A couple of weeks ago, I quoted a client for an overseas engagement. I received a note saying I was now booked in a coach to fly to the venue. In my quote, in the fine print, my terms included flying by business class (catching multiple red-eyes is not fun). the client hadn’t seen this and assumed, from our more general email exchanges, that I would be OK with coach class. After all, all those traveling from Singapore from their firm were also flying coach class. Stop for a moment.
Examine your emotional reaction to this situation. One of my mentees on my SUMMIT Speaker Success programme with whom I discussed this also admitted that he’d probably just say ‘OK’ and ‘go with the flow’. I paused and gave it a long think. As I began to separate the emotional context eg “let’s not be difficult’, ‘coach is good for the rest of them, why not me?” from the situation, I realised that one of the WORST enemies to our success in the speaking world is that we fail to separate our emotional responses from business realities.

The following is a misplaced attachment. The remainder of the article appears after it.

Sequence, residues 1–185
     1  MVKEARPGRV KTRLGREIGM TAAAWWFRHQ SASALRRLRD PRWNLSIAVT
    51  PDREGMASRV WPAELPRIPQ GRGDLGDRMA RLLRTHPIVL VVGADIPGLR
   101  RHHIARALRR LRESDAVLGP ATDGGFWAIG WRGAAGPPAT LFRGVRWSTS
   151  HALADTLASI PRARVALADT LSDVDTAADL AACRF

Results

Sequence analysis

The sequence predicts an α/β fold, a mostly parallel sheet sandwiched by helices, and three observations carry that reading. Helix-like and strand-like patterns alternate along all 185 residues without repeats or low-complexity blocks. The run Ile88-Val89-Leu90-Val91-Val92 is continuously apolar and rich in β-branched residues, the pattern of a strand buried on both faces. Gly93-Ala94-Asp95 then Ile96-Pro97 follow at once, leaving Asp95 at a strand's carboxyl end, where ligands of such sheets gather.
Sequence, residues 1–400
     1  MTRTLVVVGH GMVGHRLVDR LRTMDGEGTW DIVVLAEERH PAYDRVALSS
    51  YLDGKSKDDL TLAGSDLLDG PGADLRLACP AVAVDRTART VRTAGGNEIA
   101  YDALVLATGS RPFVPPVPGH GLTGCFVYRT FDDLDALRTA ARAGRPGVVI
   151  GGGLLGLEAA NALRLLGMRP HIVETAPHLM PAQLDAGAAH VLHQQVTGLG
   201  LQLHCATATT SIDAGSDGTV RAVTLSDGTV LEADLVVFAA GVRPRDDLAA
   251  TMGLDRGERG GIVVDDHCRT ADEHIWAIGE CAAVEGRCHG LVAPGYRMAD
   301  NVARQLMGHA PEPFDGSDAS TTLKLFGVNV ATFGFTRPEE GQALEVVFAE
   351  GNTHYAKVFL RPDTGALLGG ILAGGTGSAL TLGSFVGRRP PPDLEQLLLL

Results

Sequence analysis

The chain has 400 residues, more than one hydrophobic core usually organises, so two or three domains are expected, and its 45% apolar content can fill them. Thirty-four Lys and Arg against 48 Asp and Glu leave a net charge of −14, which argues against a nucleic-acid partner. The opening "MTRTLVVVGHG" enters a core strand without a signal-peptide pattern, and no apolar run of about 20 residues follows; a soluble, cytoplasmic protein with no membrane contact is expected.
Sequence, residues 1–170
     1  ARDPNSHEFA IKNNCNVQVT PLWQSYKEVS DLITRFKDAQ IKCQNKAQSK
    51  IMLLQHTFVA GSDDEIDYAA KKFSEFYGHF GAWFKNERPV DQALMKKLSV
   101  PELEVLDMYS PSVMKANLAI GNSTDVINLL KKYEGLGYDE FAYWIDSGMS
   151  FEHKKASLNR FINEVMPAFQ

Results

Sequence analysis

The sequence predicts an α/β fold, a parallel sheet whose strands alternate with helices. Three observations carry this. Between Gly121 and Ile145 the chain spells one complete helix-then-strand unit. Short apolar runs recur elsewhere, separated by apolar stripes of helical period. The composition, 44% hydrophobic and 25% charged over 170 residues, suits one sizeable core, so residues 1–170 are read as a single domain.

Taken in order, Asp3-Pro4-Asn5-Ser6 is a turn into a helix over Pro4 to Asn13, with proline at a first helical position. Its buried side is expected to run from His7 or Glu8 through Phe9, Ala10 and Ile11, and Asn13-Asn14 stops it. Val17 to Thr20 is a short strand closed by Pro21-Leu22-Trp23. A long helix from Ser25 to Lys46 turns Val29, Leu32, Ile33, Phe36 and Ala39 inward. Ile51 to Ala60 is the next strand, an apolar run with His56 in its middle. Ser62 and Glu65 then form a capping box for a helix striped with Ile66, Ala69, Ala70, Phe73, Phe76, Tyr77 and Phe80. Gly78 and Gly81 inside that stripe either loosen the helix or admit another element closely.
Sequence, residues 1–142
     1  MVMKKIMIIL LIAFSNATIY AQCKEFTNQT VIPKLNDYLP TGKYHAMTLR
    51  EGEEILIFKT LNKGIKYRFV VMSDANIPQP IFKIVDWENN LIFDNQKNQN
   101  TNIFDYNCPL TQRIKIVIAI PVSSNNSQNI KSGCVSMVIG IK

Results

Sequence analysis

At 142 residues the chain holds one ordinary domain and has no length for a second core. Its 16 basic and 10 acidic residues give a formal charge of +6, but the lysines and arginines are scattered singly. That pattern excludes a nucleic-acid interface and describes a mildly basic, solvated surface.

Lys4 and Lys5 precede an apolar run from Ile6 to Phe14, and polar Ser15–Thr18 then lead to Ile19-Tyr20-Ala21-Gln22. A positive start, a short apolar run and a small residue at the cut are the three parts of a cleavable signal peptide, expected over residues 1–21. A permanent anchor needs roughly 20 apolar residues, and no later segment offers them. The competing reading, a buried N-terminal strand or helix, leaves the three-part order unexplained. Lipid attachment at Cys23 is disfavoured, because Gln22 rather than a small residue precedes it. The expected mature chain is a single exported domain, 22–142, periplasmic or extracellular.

Second, even if we do so, we lack the ability to articulate what should happen next.
- my terms were clear in the formal agreement,
- additional monies ( x 3 coaches) was NOT coming from an individual employee’s wallet,
- so what if the rest are flying coach? They may be on a daytime flight. owing to my schedule, I had to catch flights and in and out using a red-eye flight. Most importantly, the client did NOT use this fact to ‘persuade’ me to accept a coach class ticket,
- 99% of these others flying in coach aren’t having to deliver a programme immediately afterward to 150 regional staff. So – how would I say it?
Research from Northwestern University for example shows a big reason why so many women don’t get what they deserve in terms of wages includes a proportion who won’t even ASK (let alone negotiate their salary upwards) vs men, for fear of social penalisation (that’s a whole book in itself) -So I sent a cheery email pointing out that the quote actually had that inside. I then said – “I know I made a small concession on my fee, but I don’t recall making a concession on the class of travel. Could you check and let me know?”
So by being polite and by ASKING, I got the client coming back with apologies and rectifying the mistake. My hunch is that HALF of the speakers in such a situation would have let it slide. But if you learn how to ASK appropriately, you can “triple” as in this case, the benefits.